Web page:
Friendships wax and wane as each of us grow, learn new things, shed old ideas, age, marry, have children, change jobs, etc. So it stands to reason that friendships can change when one is grieving. Depending on the level of grief it can be a life changing event for a lot of people.
My father died on November 14, 2019 after a battle with lung cancer. He was only 66. By law he was my step father but he was so much more than that to me. He was my hero as his marriage to my mother brought years of abuse from my mother to a tolerable level. He didn’t know the extent of her abuse until after her death as I kept most of it to myself. His infinite patience was something I tried to aspire to. I failed but it still made me a better person.
When my mother died years before him, it was more of a relief so my grieving process was completely different. I appeared strong being there for my sister who had a different relationship (thank goodness) with her. I was able to help my father through a lot and held my daughters in their tender age as they mourned something they could not even comprehend. My husband’s bipolar was triggered as he lost someone he cared about. They were great friends and had a lot of fun together. So my friends watched me grieve a parent and probably thought I was pretty resilient.
When my father died it was completely different. First, I had to watch him die a little every single day. I don’t have the words to describe what kind of hell that is. Watching a strong, funny, wicked smart man waste away, get frail and sometimes forget who you are is at the least heart breaking. It broke me.
When he passed away, I was reeling from the loss. I didn’t realize he was my anchor. I didn’t realize he was the one that had kept me sane and together all this time. It was not my own strength but his that had helped me to be a happier person. When that was gone, I didn’t quite know how to function. Even with all the pain I had experienced in the past I had never fallen into depression. This time, I spiraled into a situational depression that took me into a deep dark pit of self pity, fear and loneliness like I had not felt before. It was sheer despondency. Having watched my husband struggle with Bipolar depression did not even help me any as I could not lift my head long enough to ask for help.
Friends and acquaintances rallied around me during the funeral process, the taking care of the estate and all that. I don’t remember much of it as I was on auto pilot. Looking back I’m glad my friends took over and helped out because I truly can’t even remember what happened to everything. I don’t even have a clear memory of the first Thanksgiving or Christmas of 2019. I think I fed my family and made sure everyone had presents but even if you put a gun to my head I can’t tell you what I bought anyone. It’s all a blur.
I was not NUMB like many people say they felt. I felt everything. I had hypersensitivity and everything hurt. Thinking about him hurt. Any song about Dads pierced my heart. Photos of him brought me to my knees. I have always been able to accept death and move on but when it came to him, I was so angry. I was angry with cancer for making such a good man have to suffer. I was angry with fate for taking away the one person that seemed to love me with absolutely no expectations. I was forlorn and sad beyond words.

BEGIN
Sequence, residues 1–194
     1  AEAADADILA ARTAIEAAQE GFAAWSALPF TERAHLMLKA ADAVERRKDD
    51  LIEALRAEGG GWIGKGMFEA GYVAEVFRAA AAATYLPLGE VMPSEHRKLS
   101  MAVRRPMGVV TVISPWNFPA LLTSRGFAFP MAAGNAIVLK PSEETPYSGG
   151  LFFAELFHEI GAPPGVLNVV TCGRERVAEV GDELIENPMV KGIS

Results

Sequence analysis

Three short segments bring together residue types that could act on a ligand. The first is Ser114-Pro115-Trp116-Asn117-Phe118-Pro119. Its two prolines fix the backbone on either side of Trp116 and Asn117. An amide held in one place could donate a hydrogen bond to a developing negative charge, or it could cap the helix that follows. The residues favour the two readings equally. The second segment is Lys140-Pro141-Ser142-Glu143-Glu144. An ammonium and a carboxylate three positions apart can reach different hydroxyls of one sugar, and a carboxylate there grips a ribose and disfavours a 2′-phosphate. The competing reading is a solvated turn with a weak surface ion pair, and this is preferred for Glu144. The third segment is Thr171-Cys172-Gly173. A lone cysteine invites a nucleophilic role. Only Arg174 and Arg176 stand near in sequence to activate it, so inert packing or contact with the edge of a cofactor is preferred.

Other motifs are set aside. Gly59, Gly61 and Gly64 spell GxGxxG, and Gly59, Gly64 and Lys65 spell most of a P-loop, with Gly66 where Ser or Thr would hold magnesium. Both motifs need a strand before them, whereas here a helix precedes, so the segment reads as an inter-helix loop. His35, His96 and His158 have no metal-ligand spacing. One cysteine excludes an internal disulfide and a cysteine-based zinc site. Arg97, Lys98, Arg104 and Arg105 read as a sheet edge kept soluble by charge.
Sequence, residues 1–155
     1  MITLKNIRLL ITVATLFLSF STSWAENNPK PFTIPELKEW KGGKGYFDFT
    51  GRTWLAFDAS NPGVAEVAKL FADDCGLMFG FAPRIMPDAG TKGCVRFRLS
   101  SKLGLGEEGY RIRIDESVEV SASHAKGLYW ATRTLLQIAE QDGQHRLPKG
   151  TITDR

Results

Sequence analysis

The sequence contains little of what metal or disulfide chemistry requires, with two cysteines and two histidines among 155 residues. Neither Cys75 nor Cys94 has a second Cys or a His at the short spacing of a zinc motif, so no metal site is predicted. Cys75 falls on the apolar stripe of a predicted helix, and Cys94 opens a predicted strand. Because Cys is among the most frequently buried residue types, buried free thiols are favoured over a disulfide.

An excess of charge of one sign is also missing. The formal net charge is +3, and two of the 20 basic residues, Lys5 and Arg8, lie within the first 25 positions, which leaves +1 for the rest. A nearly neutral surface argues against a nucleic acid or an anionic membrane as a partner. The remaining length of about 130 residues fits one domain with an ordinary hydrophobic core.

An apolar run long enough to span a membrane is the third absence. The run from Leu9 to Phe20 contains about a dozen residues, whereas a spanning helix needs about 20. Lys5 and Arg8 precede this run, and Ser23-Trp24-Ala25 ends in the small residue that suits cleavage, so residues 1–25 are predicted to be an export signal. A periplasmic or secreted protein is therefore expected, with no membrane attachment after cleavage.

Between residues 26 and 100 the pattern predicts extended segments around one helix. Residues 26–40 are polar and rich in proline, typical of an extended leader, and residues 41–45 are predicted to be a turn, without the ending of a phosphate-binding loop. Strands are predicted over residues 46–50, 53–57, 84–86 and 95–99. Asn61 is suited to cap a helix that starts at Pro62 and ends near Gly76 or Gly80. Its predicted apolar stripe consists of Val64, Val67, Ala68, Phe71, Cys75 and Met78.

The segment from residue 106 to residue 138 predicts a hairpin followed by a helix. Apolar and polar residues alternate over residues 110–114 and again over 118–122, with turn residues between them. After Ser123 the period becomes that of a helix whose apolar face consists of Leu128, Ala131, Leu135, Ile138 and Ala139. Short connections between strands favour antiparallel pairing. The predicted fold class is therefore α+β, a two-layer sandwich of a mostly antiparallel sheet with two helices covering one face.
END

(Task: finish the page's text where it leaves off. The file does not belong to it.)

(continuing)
Slowly the neighbors and casual friends go on with their lives after bringing food whether you are hungry or not, sending cards, texts and well wishes. All that was very appreciated and I am grateful. However, friendships change when you are grieving. Some friends distance themselves or walk away completely. They don’t get it and want the old you back. Grief is circular, I have learned, and not linear like they used to think. So some people will not understand that on May 25, 2021 you are still crying while writing a blog about grief. They want you to “get over it” and be your happy go lucky self again.
Often, it seems the best friends for the bereaved are people who are also in grief. Not one, not two but three of my friends lost a close parent during my process. One lost one before me. The other two lost their parent 6 months after mine and a year after mine. We were all in different stages of grief and that was good. We gave each other room and we REALLY could understand what the other was going through.
I am thankful for my closest friends who stuck by me. JoAnne, Mike and my husband never wavered and gave me the room I needed but always made sure they were there when I needed them. Bonnie’s grief did not burden me but gave me the ability to tell her how fucking mad I was and had an ally who said it was okay to be that mad. Now that I have pulled myself out of the depression (thank you Western medicine AND homeo-therapy – thank you Michael for the healing massages!) I can clearly say that there comes a time when you have to choose between turning the page or closing the book on friendships. Always love yourself enough to make changes. It’s really okay.